previous next


Having now explained the theory of the winds, it seems to me the best plan, in order to avoid any repetition, to pass on to the other signs and prognostics that are indicative of a change of weather. I find, too, that this is a kind of knowledge that greatly interested Virgil,1 for he mentions the fact, that during the harvest even, he has often seen the winds engage in a combat that was absolutely ruinous to the improvident agriculturist. There is a tradition, too, to the effect that Democritus, already mentioned, when his brother Damasus was getting in his harvest in extremely hot weather, entreated him to leave the rest of the crop, and house with all haste that which had been cut; and it was only within a very few hours that his prediction was verified by a most violent storm. On the other hand, it is particularly recommended never to plant reeds except when rain is impending, and only to sow corn just before a shower; we shall therefore briefly touch upon the prognostics of this description, making enquiry more particularly into those among them that have been found the most useful.

In the first place, then, we will consider those prognostics of the weather which are derived from the sun.2 If the sun is bright at its rising, and not burning hot, it is indicative of fine weather, but if pale, it announces wintry weather accompanied with hail. If the sun is bright and clear when it sets, and it' it rises with a similar appearance, the more assured of fine weather may we feel ourselves. If it is hidden in clouds at its rising, it is indicative of rain, and of wind, when the clouds are of a reddish colour just before sunrise; if black clouds are intermingled with the red ones, they betoken rain as well. When the sun's rays at its rising or setting appear to unite, rainy weather may be looked for. When the clouds are red at sunset, they give promise3 of a fine day on the morrow; but if, at the sun's rising, the clouds are dispersed in various quarters, some to the south, and some to the north-east, even though the heavens in the vicinity of the sun may be bright, they are significant of rain and wind. If at the sun's rising or setting, its rays appear contracted, they announce the approach of a shower. If it rains at sunset, or if the sun's rays attract the clouds towards them, it is portentous of stormy weather on the following day. When the sun, at its rising, does not emit vivid rays, although there are no clouds surrounding it, rain may be expected. If before sunrise the clouds collect into dense masses, they are portentous of a violent storm; but if they are repelled from the east and travel westward, they indicate fine weather. When clouds are seen surrounding the face of the sun, the less the light they leave, the more violent the tempest will be: but if they form a double circle round the sun, the storm will be a dreadful one. If this takes place at sunrise or sunset, and the clouds assume a red hue, the approach of a most violent storm is announced: and if the clouds hang over the face of the sun without surrounding it, they presage wind from the quarter from which they are drifting, and rain as well, if they come from the south.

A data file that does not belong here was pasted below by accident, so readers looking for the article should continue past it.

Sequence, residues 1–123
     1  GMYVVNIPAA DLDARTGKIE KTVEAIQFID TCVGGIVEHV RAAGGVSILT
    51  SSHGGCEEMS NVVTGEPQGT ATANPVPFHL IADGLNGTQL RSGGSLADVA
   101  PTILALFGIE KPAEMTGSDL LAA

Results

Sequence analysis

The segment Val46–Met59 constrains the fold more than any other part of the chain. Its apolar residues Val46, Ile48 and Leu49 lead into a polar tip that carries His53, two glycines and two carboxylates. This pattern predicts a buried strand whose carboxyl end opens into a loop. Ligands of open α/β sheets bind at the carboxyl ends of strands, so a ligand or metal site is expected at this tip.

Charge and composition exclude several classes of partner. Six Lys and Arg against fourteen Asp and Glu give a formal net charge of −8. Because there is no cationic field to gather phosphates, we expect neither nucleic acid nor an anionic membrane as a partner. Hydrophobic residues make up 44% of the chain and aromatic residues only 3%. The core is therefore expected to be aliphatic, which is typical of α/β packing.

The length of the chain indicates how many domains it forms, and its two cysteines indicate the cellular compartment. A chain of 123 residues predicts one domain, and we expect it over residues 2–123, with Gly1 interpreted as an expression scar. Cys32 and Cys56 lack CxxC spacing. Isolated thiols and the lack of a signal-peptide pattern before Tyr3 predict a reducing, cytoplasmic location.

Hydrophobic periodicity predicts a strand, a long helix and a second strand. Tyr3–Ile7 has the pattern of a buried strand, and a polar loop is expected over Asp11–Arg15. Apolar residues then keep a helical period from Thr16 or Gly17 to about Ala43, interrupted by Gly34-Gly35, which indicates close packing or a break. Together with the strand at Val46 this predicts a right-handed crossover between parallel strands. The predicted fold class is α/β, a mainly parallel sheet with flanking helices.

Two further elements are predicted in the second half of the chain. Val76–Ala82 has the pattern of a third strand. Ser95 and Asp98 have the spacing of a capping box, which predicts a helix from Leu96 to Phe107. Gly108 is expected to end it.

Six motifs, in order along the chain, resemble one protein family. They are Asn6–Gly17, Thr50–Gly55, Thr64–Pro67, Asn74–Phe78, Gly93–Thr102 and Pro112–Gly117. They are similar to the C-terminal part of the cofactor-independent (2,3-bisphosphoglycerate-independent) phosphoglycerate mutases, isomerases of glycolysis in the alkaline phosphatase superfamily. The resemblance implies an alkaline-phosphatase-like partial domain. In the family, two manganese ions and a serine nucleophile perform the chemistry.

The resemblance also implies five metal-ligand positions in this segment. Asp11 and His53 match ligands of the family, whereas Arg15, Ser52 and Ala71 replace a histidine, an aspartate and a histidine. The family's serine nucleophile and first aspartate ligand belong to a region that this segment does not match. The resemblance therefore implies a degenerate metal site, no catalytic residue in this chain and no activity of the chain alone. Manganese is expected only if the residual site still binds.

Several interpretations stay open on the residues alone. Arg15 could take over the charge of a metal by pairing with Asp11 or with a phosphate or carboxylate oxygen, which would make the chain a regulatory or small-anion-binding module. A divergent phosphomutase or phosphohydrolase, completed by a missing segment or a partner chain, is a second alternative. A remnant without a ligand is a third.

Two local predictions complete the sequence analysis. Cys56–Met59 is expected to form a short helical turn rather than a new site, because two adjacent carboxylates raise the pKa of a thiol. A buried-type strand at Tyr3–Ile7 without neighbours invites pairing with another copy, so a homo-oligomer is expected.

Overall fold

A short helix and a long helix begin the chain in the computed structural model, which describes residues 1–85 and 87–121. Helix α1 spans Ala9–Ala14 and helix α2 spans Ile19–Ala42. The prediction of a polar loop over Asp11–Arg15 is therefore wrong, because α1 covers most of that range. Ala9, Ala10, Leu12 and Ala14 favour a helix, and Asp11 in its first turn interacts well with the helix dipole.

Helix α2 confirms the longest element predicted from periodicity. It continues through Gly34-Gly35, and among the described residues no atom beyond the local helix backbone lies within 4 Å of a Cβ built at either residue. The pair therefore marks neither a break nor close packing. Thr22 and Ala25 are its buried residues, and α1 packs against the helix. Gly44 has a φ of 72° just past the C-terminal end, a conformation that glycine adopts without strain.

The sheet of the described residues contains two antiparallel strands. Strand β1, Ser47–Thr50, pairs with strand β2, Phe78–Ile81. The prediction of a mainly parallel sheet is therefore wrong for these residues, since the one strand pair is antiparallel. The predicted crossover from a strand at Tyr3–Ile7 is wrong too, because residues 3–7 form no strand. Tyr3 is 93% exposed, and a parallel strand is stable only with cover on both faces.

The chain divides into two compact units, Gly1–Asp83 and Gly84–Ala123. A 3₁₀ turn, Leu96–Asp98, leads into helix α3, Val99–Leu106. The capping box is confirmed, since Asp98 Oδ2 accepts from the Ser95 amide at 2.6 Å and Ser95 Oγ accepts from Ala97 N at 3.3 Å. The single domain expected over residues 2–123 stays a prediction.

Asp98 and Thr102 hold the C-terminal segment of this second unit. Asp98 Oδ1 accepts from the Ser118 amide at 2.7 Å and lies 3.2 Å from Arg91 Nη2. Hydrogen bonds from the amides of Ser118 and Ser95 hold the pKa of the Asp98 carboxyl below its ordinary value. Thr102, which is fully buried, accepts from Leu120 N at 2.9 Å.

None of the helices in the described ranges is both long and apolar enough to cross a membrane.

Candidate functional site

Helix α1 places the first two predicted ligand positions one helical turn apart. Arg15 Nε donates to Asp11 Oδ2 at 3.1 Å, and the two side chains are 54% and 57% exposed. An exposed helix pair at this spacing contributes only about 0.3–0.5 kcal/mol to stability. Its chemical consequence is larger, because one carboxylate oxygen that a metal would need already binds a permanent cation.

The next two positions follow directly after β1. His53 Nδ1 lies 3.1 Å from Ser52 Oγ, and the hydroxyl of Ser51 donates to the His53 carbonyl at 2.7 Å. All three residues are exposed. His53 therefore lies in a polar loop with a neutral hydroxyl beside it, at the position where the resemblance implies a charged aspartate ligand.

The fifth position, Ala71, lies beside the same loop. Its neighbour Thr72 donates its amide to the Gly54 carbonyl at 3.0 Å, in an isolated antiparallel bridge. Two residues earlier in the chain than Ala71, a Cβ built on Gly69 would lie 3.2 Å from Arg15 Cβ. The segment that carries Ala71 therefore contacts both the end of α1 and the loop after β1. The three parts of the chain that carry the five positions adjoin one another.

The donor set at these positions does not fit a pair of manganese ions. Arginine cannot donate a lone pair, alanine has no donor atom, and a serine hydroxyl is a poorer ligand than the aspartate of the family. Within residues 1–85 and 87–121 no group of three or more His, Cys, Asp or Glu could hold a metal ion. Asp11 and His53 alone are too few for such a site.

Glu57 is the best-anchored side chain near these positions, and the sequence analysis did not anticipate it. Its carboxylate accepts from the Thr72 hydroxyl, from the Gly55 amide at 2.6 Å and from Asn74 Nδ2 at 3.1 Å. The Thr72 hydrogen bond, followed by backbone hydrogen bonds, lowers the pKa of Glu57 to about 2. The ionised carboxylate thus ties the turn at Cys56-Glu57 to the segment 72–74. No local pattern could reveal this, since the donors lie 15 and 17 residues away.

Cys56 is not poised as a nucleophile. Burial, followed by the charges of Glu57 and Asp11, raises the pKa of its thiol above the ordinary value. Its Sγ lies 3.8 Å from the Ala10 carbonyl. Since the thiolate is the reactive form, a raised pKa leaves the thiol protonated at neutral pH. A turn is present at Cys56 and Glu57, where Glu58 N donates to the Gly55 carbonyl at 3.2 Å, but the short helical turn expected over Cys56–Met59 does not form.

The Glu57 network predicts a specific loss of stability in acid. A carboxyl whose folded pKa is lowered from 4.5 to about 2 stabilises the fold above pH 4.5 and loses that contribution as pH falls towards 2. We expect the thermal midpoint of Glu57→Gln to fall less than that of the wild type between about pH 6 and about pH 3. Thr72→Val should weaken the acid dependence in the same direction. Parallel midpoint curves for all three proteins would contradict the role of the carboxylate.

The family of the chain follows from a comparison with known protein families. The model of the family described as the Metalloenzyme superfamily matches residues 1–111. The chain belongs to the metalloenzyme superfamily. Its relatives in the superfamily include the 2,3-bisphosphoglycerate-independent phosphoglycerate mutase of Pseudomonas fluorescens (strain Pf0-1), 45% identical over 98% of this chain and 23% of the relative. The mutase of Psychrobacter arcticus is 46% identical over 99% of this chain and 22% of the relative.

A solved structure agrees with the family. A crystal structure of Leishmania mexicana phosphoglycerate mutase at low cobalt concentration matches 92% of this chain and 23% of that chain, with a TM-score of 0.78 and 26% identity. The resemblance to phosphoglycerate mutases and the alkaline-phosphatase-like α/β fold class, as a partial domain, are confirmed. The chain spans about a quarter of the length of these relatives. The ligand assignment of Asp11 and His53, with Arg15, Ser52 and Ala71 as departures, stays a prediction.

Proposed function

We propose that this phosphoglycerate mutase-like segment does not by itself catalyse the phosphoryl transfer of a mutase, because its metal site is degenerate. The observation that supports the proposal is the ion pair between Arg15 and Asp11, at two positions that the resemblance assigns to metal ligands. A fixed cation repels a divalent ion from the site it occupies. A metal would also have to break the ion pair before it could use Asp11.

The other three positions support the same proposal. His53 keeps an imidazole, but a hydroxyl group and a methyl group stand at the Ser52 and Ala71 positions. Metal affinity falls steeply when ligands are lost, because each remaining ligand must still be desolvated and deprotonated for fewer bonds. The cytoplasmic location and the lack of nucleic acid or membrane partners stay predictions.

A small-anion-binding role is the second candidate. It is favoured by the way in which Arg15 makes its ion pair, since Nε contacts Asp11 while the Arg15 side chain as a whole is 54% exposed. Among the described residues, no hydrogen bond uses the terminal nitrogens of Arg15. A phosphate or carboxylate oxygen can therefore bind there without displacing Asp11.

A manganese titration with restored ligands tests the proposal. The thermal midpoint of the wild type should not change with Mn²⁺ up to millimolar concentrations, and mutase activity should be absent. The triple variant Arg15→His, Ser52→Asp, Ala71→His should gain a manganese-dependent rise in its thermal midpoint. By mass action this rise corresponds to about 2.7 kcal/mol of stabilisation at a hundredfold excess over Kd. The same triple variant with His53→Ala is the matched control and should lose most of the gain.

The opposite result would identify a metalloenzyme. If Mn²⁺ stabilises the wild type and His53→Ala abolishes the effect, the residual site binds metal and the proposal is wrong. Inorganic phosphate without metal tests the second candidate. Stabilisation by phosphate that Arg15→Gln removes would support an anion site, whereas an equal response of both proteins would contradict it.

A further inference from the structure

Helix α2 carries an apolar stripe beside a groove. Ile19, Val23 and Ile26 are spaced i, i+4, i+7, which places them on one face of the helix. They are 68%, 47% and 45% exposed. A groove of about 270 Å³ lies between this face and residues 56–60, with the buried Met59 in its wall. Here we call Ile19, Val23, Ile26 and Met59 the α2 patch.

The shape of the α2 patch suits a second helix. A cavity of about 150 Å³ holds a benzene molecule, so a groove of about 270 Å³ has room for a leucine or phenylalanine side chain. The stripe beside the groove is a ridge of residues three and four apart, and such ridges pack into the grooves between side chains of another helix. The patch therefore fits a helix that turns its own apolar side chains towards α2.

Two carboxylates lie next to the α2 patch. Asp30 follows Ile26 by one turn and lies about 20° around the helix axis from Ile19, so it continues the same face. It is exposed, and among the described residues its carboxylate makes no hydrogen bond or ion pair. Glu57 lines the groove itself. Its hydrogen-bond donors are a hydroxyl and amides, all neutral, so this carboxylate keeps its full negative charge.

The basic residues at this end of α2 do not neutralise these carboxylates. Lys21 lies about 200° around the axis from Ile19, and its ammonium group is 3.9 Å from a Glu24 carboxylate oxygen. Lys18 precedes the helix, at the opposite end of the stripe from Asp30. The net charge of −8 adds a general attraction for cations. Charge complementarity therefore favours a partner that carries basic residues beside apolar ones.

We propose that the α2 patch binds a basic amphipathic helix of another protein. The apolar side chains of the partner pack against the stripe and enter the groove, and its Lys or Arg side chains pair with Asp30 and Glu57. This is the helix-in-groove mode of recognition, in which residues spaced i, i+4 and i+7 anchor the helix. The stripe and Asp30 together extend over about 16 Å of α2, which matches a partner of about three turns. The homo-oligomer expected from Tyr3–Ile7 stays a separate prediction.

If, at its rising, the sun is surrounded with a circle, wind may be looked for in the quarter in which the circle breaks; but if it disappears equally throughout, it is indicative of fine weather. If the sun at its rising throws out its rays afar through the clouds, and the middle of its disk is clear, there will be rain; and if its rays are seen before it rises, both rain and wind as well. If a white circle is seen round the sun at its setting, there will be a slight storm in the night; but if there is a mist around it, the storm will be more violent. If the sun is pale at sunset, there will be wind, and if there is a dark circle round it, high winds will arise in the quarter in which the circle breaks.

1 Georg. i. 313, et seq.
"Sæpe ego, quum flavis messorem induceret arvis
Agricola, et fragili jam stringeret hordea culmo,
Omnia ventorum concurrere prœlia vidi."

2 See the Treatise of Theophrastus on the Prognostics of the Weather.

3 This, Fée observes, is confirmed by experience. Aratus, as translated by Avienus, states to a similar effect.

Creative Commons License
This work is licensed under a Creative Commons Attribution-ShareAlike 3.0 United States License.

An XML version of this text is available for download, with the additional restriction that you offer Perseus any modifications you make. Perseus provides credit for all accepted changes, storing new additions in a versioning system.

load focus Latin (Karl Friedrich Theodor Mayhoff, 1906)
hide Places (automatically extracted)

View a map of the most frequently mentioned places in this document.

hide References (2 total)
  • Cross-references in general dictionaries to this page (2):
hide Display Preferences
Greek Display:
Arabic Display:
View by Default:
Browse Bar: